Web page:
I am passionate about yoga- practice & philosophy. When training to become an instructor (while pregnant with my first daughter), the natural lifestyle really resonated with me which is why I chose to have a natural home water birth with my daughters. After having my first beautiful birth experience, I became inspired to share what I felt so deeply to be true: pregnancy is a sacred and beautiful privilege, and birth can be a wonderful and enjoyable experience as our bodies are made for it!

What inspires you?

I am inspired by others who follow their passions and have the courage to share their gifts with the world.

Did your dreams change once you had a child?

Absolutely. Giving birth changed me and empowered me to embrace motherhood in a way I hadn’t ever imagined for myself. I became very passionate about the birth process and our body’s natural, innate abilities and felt called to help empower other women and mothers in their own pregnancy and birth journeys.

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Photo by @tophography_

What are your dreams for motherhood?

I want my girls to know just how much they are loved and to teach them to truly love and accept their authentic selves, as well as others. And that life can be anything they wish to make it.

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Thank you so much, Tiff! Friends and readers: you can follow Tiff on Instagram @namastetiff and watch the most beautiful, empowering birth video ever here (outside USA) or here (USA).

You might also like my post:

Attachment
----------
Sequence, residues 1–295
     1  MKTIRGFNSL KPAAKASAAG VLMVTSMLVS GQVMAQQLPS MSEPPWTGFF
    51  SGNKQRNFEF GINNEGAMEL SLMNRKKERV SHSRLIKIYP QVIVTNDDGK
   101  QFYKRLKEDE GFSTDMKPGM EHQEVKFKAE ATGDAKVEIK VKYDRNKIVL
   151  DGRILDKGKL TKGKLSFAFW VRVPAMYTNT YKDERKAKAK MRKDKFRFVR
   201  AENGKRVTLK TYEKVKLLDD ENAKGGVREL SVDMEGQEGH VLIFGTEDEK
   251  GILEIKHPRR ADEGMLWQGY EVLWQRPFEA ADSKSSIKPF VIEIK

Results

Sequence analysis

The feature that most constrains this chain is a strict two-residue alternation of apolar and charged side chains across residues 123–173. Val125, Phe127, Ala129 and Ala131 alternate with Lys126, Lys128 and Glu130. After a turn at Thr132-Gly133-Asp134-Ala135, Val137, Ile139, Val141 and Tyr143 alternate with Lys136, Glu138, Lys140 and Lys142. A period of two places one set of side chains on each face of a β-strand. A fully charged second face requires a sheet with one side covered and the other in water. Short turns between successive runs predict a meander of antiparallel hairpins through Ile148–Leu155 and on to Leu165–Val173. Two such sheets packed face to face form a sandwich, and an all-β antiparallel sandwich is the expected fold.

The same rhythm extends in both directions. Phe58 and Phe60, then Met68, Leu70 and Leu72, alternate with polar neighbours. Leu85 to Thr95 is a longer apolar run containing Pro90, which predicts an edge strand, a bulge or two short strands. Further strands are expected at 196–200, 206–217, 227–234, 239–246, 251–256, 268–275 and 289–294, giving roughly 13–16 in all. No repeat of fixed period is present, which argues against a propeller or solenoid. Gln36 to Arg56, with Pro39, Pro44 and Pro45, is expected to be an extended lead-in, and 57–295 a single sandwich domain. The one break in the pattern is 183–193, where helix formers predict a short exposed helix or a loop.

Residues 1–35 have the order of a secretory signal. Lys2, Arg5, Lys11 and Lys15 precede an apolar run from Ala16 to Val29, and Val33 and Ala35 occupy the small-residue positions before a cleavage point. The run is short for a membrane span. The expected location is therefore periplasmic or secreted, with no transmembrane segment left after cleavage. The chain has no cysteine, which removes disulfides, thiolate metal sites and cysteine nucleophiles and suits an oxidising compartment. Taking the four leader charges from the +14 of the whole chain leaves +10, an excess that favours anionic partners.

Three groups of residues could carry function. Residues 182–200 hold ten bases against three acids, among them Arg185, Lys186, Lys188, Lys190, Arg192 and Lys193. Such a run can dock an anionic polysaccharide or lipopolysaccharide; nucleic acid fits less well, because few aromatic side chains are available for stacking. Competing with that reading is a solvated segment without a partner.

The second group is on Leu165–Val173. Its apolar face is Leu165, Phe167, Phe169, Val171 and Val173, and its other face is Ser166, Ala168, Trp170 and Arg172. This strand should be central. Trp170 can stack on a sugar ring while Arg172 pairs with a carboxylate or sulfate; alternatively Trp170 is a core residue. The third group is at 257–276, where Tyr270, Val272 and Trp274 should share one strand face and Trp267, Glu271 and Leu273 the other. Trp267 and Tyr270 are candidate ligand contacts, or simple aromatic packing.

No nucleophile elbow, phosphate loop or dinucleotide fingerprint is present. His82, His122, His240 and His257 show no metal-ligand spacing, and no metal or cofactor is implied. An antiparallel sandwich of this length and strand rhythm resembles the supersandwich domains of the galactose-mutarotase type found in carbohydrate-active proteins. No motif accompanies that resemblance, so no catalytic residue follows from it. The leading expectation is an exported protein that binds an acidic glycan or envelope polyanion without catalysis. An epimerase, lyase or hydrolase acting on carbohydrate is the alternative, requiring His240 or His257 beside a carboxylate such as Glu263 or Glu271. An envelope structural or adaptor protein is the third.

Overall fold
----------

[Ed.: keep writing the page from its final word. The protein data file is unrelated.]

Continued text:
Yoga Retreat in Costa Rica May 2016

Sa Ta Na Ma Meditation for Children

Thoughtful Guide to Gifts for Children

minimalist tea hippie in disguise

Interview with a Minimalist: Katrien

Continuing on in my Buy Nothing Day programming, I have a second interview with a minimalist, Katrien.

Check out my first post of the day to read a bit more about Buy Nothing Day — a day of protest against consumerism.

Minimalism isn’t just or only about having and buying less stuff, as I’ve tried to explore through this series of interviews. It is more about applying the notion of ‘less is more’ to one’s life, or aspects of it.

Katrien Growing Wild Things Interview with a Minimalist

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Katrien is a Waldorf-inspired homeschooling mother to twin toddlers, she’s passionate for all things natural and handmade. She’s Belgian by birth, a traveler by nature, and living in Italy for the sake of love. I only recently started following Katrien on Instagram, probably at some point last summer or spring. I was drawn to her images of her gorgeous mountain top life and the beautiful simplicity of it. When she mentioned her interest in minimalism to me one day, I jumped at the chance to interview her for the blog. And I am so glad I did. Katrien shares insightful and inspiring stories and ideas that will interest parents raising young children, but also professionals looking for more meaning in their life and adults pining for a simpler existence.